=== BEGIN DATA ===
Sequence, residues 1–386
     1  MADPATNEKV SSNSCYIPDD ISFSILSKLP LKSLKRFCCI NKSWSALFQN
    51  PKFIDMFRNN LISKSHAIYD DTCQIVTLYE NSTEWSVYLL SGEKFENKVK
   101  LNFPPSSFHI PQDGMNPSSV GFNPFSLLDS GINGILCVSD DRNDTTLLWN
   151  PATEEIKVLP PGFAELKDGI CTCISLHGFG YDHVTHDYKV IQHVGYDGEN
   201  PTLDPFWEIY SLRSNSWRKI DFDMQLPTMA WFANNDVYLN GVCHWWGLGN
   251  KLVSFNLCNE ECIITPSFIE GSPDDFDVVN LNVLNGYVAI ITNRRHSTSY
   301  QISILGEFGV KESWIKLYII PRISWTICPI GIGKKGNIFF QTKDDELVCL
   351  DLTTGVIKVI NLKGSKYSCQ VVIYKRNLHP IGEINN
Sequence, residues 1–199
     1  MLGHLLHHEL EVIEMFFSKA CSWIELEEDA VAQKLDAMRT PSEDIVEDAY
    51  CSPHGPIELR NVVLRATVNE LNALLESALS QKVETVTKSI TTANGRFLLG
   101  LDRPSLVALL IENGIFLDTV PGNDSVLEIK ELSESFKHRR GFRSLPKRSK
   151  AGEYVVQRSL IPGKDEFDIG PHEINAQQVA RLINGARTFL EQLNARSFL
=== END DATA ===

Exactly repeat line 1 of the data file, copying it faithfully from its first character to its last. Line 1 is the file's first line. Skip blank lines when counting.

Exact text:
Sequence, residues 1–386